Barbour, who was quite open in his belief that the country needs more low-skilled workers to do awful jobs for low wages.
Check it out:
Haley Barbour, former governor of Mississippi, former head of the Republican National Committee, now a political fixer and influential voice in GOP circles, says he first became seriously interested in immigration policy after Hurricane Katrina.
Thousands of homes in Mississippi were destroyed, “down to the slab,” Barbour said at a recent conference on immigration hosted by National Journal in Washington. Construction workers were overwhelmed; many were homeless themselves. And then, almost out of nowhere, came help.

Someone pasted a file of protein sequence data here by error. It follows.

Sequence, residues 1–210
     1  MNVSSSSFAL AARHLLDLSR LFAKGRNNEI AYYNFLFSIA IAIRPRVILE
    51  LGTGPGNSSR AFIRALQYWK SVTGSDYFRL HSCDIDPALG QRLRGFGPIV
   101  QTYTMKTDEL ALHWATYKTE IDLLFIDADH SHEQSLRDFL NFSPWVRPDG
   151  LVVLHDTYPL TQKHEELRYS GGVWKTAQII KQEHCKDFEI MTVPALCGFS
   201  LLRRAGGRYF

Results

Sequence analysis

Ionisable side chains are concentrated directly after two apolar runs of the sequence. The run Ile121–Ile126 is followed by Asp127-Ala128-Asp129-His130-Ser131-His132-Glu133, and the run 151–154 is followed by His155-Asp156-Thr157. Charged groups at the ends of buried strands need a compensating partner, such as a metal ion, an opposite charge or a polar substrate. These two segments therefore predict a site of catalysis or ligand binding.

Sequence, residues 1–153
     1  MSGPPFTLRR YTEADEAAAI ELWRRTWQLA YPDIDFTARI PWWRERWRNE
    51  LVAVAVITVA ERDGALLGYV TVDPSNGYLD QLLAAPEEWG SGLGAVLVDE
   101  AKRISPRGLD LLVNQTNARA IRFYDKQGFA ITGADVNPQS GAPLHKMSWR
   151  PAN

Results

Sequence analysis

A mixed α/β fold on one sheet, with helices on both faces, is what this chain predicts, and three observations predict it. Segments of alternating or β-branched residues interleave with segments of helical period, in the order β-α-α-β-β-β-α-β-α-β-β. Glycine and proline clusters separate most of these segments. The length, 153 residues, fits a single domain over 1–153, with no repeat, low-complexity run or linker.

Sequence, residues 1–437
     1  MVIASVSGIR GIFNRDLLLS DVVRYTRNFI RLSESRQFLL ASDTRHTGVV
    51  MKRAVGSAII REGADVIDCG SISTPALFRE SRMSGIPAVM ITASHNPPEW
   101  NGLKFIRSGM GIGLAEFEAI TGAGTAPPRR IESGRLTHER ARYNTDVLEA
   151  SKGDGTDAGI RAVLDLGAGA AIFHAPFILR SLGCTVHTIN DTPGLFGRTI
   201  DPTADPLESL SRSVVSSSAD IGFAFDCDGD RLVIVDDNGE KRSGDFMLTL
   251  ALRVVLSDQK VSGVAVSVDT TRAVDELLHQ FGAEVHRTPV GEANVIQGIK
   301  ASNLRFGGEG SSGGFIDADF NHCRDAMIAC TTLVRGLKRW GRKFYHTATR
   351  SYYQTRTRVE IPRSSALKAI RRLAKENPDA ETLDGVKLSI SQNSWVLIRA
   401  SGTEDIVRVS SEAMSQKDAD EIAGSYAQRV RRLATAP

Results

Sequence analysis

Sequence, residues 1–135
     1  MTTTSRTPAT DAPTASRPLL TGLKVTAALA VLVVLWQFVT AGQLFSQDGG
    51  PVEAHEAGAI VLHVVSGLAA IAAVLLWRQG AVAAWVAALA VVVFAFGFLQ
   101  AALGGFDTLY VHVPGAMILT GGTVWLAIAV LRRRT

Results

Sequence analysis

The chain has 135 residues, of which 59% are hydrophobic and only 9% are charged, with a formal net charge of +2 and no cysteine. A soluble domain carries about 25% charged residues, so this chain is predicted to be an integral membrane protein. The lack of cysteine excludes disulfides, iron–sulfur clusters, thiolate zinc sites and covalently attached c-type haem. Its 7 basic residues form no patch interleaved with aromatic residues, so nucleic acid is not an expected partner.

“We were blessed with a huge influx of Spanish speakers, and I’m sure a lot of them weren’t in this country legally,” Barbour said. “I don’t know where we would be in Mississippi if they had not come.”
The “Spanish speakers” were willing to live in terrible conditions while at work building new homes. The experience led Barbour — who favors raising the number of high-skilled immigrants admitted to the United States — to realize that “there is also essential lesser-skilled labor that we need.”